The Warrior Rejected by Many Followers

Pastor Steve Saatkamp

John 6:66 (EHV) After this, many of his disciples turned back and were not walking with him anymore.


Rejection is hard. Ask the teenager who finally built up the courage to invite their crush to the dance but got denied. It’s the feeling when the promotion you worked so hard to get was given to someone else. It’s getting a letter back from your dream college without the word ‘accepted’ anywhere in it. No one enjoys going through rejection. The same must have been true for our Warrior Jesus.

There were people that he’d been preaching to and performing miracles for. They came to him in crowds. Not long before this, thousands came to him even when they had no food. They were disciples, people who looked to him for teaching, who saw him as their leader.

But what do we hear? From this time many of his disciples turned back and no longer followed him. Something Jesus had said was too much. It wasn’t the healing or explaining what God’s Word said. It was this: he told them that he was the bread of life, the way for people to have salvation. Many disciples had been with him up to this point, but when he said that he was God, that he was the Savior, they decided not to go with him anymore. They rejected him.

You don’t reject a great leader, you get behind them. People want to play football with Tom Brady because of how he leads. Soldiers are ready to die because they trust their commander’s orders are good. Millions walked with Martin Luther King Jr. because he led them in the right way. And none of them come close to Jesus. It’s crazy that so many didn’t want to follow Jesus’ lead.

That’s what the twelve thought about Jesus. When everyone else left he asked them, “You do not want to leave too, do you?” Simon Peter answered him, “Lord, to whom shall we go? You have the words of eternal life. No matter what these crowds did, they were not going to leave Jesus. They knew they needed to follow him.

That is, until it meant following him to the cross. Even the twelve struggled with rejecting him. They had all made promises hours earlier but when they arrested Jesus, no one went with him. The twelve left him and ran away. They knew Jesus was leading them in the right direction but they ended up rejecting him too.

Do you see yourself in any of these disciples? When you know how big your sins are and doubt that Jesus could still be enough to be your salvation, it’s easy to turn away from him. Or maybe it’s when God’s enemies look strong and following behind Jesus means suffering and pain that you are ready to abandon him too. You and I know that Jesus is the chosen Warrior God promised to win salvation for us and we still struggle with rejecting him.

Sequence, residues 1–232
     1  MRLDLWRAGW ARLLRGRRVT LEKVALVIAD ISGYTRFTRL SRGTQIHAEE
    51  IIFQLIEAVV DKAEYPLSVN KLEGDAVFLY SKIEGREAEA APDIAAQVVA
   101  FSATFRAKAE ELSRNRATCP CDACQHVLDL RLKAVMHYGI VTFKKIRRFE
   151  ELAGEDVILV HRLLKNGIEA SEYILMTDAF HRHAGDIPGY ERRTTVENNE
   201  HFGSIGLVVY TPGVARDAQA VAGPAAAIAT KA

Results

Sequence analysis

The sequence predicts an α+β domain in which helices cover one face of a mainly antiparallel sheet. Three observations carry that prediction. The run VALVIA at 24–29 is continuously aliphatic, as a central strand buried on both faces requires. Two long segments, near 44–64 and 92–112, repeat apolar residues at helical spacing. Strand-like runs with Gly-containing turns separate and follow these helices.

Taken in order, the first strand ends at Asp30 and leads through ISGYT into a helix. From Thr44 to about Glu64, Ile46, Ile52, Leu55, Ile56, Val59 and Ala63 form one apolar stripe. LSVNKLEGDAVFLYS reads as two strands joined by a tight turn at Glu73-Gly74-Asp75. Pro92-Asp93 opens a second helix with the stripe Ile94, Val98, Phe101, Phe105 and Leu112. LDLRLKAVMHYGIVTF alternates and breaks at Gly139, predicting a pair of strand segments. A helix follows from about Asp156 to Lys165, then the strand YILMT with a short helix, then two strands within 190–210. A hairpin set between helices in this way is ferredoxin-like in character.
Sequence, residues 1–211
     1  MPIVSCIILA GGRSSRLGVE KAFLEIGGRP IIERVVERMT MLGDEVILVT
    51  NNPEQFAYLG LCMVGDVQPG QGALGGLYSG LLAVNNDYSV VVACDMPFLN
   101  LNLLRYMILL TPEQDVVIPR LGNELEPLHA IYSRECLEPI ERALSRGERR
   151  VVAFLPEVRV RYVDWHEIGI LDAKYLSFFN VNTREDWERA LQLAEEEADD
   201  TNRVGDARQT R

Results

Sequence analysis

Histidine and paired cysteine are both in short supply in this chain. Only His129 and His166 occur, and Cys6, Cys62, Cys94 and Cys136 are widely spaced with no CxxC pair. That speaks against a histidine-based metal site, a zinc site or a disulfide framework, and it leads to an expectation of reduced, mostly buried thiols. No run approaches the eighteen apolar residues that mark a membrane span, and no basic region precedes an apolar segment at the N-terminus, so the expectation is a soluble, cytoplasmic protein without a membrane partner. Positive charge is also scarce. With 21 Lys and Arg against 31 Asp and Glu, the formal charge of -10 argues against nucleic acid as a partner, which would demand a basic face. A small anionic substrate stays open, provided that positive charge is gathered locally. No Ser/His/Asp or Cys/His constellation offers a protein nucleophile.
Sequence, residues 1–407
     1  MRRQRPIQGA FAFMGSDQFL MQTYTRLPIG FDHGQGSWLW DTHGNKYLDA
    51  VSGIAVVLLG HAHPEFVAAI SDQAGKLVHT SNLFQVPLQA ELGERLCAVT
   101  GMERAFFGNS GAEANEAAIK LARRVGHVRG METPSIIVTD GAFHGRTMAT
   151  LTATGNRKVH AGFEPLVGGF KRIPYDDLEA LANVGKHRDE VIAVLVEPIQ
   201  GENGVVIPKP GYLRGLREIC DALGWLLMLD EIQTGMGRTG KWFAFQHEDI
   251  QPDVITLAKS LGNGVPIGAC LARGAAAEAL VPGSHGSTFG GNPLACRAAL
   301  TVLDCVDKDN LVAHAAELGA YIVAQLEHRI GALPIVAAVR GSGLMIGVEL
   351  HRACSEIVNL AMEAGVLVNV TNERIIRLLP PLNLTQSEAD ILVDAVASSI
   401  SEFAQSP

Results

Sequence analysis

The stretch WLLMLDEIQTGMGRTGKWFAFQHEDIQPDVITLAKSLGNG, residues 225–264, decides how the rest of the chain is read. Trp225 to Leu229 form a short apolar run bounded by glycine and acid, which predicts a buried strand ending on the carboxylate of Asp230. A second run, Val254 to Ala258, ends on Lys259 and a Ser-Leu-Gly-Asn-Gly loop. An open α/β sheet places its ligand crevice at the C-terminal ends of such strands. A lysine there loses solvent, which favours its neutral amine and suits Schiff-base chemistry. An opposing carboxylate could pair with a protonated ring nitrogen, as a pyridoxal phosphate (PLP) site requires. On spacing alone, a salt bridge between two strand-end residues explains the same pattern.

But a win changes everything. Two years ago what people thought was impossible happened. In the history of the NCAA college basketball tournament, no #1 seed team had ever lost to a #16 seed team. And that’s why almost no one got behind UMBC. They were supposed to be crushed by #1 Virginia. But they weren’t. UMBC dominated and won. And because they won and did the impossible, so many people got behind them.

A win changed everything. The rejected Warrior Jesus kept going all the way to the cross where he was rejected by the Father. Jesus took on the sins of the whole world, including sins when people rejected him, and he defeated them. Alone, the Warrior did what no one else could do, win forgiveness. We see him rejected by many but we know, he wins. And because he wins, we do too.

So follow him. The enemy is tough. The devil, the unbelieving world, and our own sinful nature fight to make us doubt his goodness and his power to save. And that’s why God calls us to follow him and win. When the enemies are tough, get closer to Jesus in his Word, in remembering your baptism, in regularly coming to the Lord’s Supper. God will strengthen you and encourage you and equip you to follow behind the Warrior, your leader. This must have been a hard time for Jesus. He knew that all the people who were walking away from him were walking away from the one thing they needed most. He was the bread of life, the living water. And he had come to bring life to the world. He was the Warrior God had sent him to be. A Warrior rejected but not defeated. A Warrior rejected but victorious. So during this season of Lent, let’s thank God for our Warrior. Let’s grow closer to him and take time to be in his Word. Let’s confess along with the twelve, “Lord, to whom shall we go? You have the words of eternal life.” Amen.